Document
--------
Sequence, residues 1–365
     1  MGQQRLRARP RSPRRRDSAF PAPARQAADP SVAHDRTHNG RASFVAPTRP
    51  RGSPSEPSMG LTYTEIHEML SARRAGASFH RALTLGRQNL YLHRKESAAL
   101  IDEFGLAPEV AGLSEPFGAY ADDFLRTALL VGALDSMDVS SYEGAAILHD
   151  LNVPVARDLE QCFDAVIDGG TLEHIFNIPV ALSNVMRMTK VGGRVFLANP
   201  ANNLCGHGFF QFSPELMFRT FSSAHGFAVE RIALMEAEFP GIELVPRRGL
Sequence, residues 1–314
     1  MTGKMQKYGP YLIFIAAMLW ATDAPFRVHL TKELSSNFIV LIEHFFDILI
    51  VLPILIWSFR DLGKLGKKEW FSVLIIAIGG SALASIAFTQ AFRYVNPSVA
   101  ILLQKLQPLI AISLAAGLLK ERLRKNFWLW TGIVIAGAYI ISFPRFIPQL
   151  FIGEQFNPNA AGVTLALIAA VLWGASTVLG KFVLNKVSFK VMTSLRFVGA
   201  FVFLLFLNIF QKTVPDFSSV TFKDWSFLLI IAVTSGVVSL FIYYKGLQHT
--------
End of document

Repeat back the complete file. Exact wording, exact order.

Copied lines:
Sequence, residues 1–365
     1  MGQQRLRARP RSPRRRDSAF PAPARQAADP SVAHDRTHNG RASFVAPTRP
    51  RGSPSEPSMG LTYTEIHEML SARRAGASFH RALTLGRQNL YLHRKESAAL
   101  IDEFGLAPEV AGLSEPFGAY ADDFLRTALL VGALDSMDVS SYEGAAILHD
   151  LNVPVARDLE QCFDAVIDGG TLEHIFNIPV ALSNVMRMTK VGGRVFLANP
   201  ANNLCGHGFF QFSPELMFRT FSSAHGFAVE RIALMEAEFP GIELVPRRGL
Sequence, residues 1–314
     1  MTGKMQKYGP YLIFIAAMLW ATDAPFRVHL TKELSSNFIV LIEHFFDILI
    51  VLPILIWSFR DLGKLGKKEW FSVLIIAIGG SALASIAFTQ AFRYVNPSVA
   101  ILLQKLQPLI AISLAAGLLK ERLRKNFWLW TGIVIAGAYI ISFPRFIPQL
   151  FIGEQFNPNA AGVTLALIAA VLWGASTVLG KFVLNKVSFK VMTSLRFVGA
   201  FVFLLFLNIF QKTVPDFSSV TFKDWSFLLI IAVTSGVVSL FIYYKGLQHT